Public sympathy for medical workers exposing themselves to the disease has surged in China, especially after the death last week of Li Wenliang, a doctor from Wuhan who sounded an early alarm about the virus and was initially rebuked by authorities for doing so. Videos were also circulating online about a Wuhan nurse who reportedly walks to work every morning, with her husband driving behind her to light her away, as she has decided to self-quarantine from her family to avoid exposing them to the virus.
Meanwhile, authorities said yesterday that the number of coronavirus infections across the country had reached 55,748, with 1,380 deaths. In Hubei province alone, there were 4,823 new infections and 116 deaths registered beyond what was reported the previous day, according to regional authorities. China corrected its national numbers after its initial daily update didn’t line up with previous data and figures issued for Hubei province, the epicentre of the coronavirus outbreak. The National Health Commission said the discrepancy was due to subtracting the number of deaths from previous data because of
“duplications” in the statistics from Hubei province. The data mix-up comes a day after Hubei reported a sharp increase of more than 14,000 new patients battling the COVID-19 illness caused by the virus, which sparked heightened concern around the world.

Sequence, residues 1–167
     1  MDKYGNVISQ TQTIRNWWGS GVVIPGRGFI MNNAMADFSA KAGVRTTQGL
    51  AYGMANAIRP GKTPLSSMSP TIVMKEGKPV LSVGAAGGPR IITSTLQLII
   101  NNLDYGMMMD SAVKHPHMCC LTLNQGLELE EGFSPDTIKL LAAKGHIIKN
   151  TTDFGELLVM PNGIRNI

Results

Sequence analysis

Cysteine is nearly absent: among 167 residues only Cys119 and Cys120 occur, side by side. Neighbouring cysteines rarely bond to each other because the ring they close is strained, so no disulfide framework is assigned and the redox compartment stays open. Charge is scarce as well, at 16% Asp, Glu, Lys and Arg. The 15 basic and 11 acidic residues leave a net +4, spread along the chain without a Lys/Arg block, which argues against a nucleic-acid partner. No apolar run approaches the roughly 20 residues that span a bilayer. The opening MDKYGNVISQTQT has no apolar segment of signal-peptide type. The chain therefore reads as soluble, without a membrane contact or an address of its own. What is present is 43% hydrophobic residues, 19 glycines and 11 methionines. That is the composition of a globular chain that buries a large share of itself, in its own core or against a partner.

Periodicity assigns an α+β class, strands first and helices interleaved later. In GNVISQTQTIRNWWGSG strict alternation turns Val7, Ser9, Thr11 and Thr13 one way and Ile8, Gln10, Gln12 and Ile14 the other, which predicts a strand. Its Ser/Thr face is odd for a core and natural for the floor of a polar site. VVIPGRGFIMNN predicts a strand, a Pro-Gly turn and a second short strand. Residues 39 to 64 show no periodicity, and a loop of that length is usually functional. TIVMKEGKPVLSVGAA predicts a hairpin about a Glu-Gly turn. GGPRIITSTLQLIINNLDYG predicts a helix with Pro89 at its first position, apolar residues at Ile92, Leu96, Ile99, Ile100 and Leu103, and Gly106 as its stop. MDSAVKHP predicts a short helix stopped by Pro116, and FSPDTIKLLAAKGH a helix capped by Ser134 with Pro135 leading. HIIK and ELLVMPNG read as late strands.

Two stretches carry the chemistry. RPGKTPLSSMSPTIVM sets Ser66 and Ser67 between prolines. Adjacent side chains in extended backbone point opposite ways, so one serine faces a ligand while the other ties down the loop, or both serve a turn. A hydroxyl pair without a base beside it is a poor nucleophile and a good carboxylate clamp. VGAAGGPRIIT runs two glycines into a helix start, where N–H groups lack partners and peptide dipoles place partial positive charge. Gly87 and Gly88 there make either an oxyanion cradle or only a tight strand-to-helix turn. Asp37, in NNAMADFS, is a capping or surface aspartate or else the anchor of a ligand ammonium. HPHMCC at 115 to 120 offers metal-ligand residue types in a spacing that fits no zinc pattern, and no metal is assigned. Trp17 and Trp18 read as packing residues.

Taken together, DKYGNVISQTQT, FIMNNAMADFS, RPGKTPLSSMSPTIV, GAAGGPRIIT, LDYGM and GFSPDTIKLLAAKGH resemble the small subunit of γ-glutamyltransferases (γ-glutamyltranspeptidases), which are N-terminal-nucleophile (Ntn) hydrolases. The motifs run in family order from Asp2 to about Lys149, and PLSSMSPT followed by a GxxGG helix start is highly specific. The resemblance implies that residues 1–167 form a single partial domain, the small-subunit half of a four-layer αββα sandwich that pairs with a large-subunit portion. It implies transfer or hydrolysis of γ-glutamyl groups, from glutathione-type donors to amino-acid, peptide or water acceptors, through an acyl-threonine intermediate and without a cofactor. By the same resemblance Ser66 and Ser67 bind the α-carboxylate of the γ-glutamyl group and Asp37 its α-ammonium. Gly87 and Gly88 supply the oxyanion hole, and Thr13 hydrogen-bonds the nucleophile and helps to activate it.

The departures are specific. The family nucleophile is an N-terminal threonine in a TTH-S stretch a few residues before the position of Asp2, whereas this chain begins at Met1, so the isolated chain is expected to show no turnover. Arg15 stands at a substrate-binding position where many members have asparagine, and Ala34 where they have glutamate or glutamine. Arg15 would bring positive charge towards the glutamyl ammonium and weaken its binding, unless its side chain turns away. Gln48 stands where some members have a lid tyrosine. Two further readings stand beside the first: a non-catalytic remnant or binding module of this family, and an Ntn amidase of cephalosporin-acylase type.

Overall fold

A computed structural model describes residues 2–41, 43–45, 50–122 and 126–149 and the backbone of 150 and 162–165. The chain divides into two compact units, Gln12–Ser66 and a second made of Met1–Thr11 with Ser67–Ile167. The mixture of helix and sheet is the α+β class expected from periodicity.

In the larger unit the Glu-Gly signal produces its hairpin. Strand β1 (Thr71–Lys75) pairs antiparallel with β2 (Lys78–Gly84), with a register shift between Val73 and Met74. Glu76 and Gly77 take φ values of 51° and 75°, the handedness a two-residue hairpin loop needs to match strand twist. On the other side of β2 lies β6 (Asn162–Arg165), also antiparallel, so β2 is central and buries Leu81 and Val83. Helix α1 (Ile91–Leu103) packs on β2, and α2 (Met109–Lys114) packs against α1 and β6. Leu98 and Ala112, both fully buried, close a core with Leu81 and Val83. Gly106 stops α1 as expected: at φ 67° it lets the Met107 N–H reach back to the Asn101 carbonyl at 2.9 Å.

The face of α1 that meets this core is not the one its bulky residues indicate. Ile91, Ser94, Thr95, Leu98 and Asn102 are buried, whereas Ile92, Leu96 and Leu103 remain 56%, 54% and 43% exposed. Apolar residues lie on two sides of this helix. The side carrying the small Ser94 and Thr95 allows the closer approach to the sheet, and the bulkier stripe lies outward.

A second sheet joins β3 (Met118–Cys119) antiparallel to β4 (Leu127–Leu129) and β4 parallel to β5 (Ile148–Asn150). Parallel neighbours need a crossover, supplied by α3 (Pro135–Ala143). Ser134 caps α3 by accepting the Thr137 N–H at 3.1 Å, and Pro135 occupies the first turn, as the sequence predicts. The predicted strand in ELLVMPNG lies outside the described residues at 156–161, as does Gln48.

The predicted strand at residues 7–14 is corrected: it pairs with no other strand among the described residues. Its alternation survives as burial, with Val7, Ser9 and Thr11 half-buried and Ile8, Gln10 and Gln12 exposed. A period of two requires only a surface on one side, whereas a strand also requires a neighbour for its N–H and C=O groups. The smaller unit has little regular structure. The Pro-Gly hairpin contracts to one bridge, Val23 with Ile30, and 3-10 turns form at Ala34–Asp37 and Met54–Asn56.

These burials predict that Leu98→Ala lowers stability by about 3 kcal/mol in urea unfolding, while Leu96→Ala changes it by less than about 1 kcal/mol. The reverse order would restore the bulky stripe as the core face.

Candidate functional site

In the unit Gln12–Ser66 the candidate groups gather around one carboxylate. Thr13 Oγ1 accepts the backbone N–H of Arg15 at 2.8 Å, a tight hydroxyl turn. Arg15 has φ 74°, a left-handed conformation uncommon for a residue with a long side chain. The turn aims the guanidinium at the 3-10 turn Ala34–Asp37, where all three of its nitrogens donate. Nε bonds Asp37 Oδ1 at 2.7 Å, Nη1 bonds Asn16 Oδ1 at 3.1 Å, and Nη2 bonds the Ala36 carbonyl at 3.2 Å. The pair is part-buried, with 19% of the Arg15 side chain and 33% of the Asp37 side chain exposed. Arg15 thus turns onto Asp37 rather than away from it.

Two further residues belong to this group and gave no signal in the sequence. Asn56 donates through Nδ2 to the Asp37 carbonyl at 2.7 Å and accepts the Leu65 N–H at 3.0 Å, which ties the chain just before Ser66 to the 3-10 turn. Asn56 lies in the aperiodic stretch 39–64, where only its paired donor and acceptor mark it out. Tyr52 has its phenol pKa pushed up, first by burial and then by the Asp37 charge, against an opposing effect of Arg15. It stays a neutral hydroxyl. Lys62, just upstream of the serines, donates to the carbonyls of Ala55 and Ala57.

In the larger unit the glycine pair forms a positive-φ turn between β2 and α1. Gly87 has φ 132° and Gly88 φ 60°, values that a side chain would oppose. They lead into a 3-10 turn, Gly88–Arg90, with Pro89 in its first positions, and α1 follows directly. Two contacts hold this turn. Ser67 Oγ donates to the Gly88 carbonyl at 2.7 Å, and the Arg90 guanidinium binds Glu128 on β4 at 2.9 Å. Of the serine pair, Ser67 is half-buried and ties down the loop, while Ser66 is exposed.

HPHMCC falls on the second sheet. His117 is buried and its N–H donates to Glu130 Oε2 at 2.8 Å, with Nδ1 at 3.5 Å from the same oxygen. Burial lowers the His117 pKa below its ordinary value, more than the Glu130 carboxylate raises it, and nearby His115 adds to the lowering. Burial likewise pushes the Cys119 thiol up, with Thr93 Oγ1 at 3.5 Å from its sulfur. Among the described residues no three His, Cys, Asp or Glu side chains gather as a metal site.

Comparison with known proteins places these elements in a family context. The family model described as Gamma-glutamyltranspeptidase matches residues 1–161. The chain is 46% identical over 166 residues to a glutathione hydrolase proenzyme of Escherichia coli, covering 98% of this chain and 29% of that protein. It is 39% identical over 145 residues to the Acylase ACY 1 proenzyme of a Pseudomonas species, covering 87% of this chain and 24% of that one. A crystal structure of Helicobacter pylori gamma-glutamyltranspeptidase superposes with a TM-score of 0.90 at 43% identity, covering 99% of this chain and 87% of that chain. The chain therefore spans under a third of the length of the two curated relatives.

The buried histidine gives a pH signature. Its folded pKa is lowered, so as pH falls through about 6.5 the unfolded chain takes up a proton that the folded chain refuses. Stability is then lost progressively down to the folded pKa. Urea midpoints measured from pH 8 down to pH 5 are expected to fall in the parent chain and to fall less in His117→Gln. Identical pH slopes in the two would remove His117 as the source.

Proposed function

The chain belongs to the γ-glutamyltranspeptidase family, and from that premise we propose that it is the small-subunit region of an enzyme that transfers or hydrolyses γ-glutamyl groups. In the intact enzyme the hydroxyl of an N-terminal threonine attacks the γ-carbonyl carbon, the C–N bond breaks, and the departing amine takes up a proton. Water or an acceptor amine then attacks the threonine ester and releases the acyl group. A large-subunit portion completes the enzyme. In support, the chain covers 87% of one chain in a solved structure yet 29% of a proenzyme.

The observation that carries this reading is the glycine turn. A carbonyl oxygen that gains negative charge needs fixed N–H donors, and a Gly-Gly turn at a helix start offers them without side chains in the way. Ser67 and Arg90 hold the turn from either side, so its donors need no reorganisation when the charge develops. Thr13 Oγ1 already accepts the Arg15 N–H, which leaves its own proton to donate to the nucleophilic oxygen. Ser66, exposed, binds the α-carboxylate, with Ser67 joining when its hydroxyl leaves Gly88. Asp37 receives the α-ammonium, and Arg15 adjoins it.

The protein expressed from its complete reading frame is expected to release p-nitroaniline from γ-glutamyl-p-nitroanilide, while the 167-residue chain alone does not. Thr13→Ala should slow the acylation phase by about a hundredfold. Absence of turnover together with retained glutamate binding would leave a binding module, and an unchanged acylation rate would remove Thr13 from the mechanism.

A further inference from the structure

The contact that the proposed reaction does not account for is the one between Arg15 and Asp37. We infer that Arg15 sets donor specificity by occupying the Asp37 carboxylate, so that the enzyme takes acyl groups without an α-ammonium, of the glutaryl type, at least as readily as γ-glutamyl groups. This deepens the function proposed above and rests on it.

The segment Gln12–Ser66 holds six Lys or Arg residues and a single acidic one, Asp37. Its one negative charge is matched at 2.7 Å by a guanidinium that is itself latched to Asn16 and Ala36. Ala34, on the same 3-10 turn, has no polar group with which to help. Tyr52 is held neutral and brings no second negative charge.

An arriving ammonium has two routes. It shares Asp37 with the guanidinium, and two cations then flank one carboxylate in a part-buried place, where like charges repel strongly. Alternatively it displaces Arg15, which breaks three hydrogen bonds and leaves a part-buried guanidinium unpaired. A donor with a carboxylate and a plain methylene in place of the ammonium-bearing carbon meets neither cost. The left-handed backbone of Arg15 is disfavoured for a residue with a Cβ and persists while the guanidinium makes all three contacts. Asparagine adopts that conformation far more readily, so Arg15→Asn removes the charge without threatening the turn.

That rise was mostly due to more than 13,000 earlier cases that were only added to the tally on Thursday, according to the World Health Organization (WHO).
The numbers appeared to spike after diagnosis rules were changed for hardest-hit Hubei, meaning that going forward lung screening results are also allowed as the basis for confirming infections rather than laboratory tests, which are used in the rest of China and abroad.
“We’re not dealing with a spike of 14,000 (new) cases in a day,” WHO emergency operations chief Mike Ryan told a press conference Thursday in Geneva. China has been accused in the past of under-reporting the devastation produced by accidents and natural disasters. Several European Airlines — including Finnair, Lufthansa, Swiss and Austrian Airlines —announced they were extending their suspension of flights to and from China until the end of March. The world’s airlines face potential revenue losses of between $4bn and $5bn in the first quarter as the coronavirus outbreak has led to widespread flight cancellations, according to the International Civil Aviation Organization (ICAO).
The virus broke out in December, with the earliest cases linked to a food market in the central Chinese industrial hub of Wuhan. It has since spread to about two dozen countries, prompting governments to put travel restrictions in place.
A checkpoint is seen at a residential community in Shanghai, China, as the country is hit by an outbreak of the novel coronavirus yesterday.
A couple celebrate Valentine’s Day as they wear face masks in precaution of the coronavirus outbreak at Orchard Road in Singapore yesterday.